Above: The only other photo I’d seen of the vault showed only one cross in the background, which I thought was the main one. Which is why I thought the vault was positioned to the left.
Another recently discovered photo (below) has shown just how easy it is to reach the wrong conclusions when there’s no hard evidence to back up long-held beliefs.
Last week I discovered that the Grimshawe’s family chapel wasn’t where I thought it was – in the top-storey turret of Errwood Hall (click to read). The previous week it was that Errwood Hall hadn’t been a youth hostel in the years between Mary’s death and its demolition (click to read).
And now it seems that the family’s hill-top vault wasn’t where I thought it was – on the flat area to the left of the graves. It was right in the centre of the cemetery.
Above: This recently discovered photo held all the clues. Click either button, or drag the green slider, to view then and now images.
It was the concrete path going up to the vault door which made me wonder whether I’d been wrong as there are still some remains of this left on the ground – leading up to the central cross.
Comparing the view of the other crosses in the background confirms that the building did once lie where the main memorial stands today.
Bricked up and sealed
Given the wealth of the Grimshawe family, people have often wondered whether there might be valuable items buried with their bodies. This is taken from a newspaper article published in 1943 (click to read it in full)…
“I wish to state quite emphatically,” he told a ‘High Peak News’ reporter, “that the vault is undisturbed, and unlikely to be entered either by vandalistic hikers or by over-enterprising schoolboys.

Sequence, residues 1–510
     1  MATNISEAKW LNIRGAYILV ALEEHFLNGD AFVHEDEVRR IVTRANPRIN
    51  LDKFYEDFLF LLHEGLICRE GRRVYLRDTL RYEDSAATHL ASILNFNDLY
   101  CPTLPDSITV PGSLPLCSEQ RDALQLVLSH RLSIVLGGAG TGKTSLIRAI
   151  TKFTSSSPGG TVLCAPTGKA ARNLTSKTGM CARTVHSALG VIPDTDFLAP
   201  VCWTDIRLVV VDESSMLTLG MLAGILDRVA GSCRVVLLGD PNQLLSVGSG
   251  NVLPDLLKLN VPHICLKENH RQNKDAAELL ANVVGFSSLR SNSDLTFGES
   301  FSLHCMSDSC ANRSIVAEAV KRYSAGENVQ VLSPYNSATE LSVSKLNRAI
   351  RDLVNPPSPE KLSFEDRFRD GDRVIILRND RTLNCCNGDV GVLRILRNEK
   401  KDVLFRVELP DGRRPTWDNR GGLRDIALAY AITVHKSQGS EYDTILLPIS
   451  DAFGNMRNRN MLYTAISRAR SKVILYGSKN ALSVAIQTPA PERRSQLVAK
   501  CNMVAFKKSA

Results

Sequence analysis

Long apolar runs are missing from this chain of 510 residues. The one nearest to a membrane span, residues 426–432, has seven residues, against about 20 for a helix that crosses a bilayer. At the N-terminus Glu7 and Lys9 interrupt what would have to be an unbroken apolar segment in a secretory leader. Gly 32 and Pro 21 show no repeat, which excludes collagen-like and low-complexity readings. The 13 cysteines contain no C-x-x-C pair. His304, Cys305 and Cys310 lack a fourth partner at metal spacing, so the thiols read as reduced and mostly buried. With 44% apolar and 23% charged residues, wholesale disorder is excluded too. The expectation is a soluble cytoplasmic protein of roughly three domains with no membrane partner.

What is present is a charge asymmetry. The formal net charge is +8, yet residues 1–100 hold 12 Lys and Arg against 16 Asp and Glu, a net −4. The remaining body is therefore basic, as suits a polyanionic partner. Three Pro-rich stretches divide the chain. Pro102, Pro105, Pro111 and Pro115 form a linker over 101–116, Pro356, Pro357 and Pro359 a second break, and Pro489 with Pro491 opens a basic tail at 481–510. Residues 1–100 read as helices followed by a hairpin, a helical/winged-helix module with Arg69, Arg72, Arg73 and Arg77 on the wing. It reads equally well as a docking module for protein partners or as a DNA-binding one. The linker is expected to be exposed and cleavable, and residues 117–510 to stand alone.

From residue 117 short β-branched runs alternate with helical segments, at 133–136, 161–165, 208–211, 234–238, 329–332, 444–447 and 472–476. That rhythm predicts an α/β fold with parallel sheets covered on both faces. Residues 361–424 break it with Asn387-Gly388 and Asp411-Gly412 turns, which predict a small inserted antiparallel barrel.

The vault was bricked up and sealed, at the request of the Grimshaws, and it would be impossible to penetrate it in any way without a great deal of demolition work being done. This would be out of the question, as a member of the waterworks staff patrols the area continually.”
I doubt anyone still patrols the area but it sounds like it would take some serious machinery to penetrate the graves. And any prospective grave-robbers would soon be heard and discovered!
Page update: 30th March 2022; Chris has managed to find this wonderful description of the graveyard, written by Porteous Crichton in 1954, on the Whaley Bridge Local History website…
On a quiet knoll behind the hall the private burying-ground had received dependants as well as members of the family.
One stone commemorated a seaman, aged fifty-five, who for thirty years had been captain of Grimshawe’s yacht ; another stone, a Frenchwoman, presumably a governess – a strange place, this wild glen, for her to die in, so far from her native land. The last stone was dated 1911, to a gamekeeper, Pownall, who is remembered to have been very well off, having been left £1,000.
Any tenant or worker on the estate had the privilege of being interred there. Privilege it must have seemed when the estate was flourishing, though somewhat different now – a forgotten place, with crosses atilt, the graves lost under weeds, and the little burying-house, which held a tiny altar and a series of old tiles depicting the Stations of the Cross, desecrated.
The whole railed space, when tended carefully, seemed to speak of a very benevolent despotism.
Page update: 31st March 2022; Many thanks to Chris for the comment below, and for sending the 1954 description by Porteous Crichton above. I hadn’t realised that there must have been two entrances to the vault.
One from the north – between the avenue of yew trees – into the below-ground vaults where the coffins would have been interred. And the above-ground door shown in the photos which led into a small chapel which Porteous says “…held a tiny altar and a series of old tiles depicting the Stations of the Cross, desecrated.”
Which begs the question of where the main memorial to the Grimshawes once stood, as I doubt it would have been within the chapel. I wonder whether it could have been to the left of the other graves as I’m sure it would have stood apart from all the others.
Perhaps on the area where I previously thought the vault must have been (just beyond the fencing on the photo below). Or further behind, on the highest point of the hill (circled), where again it looks as though the ground has been disturbed. But I guess we’ll never know.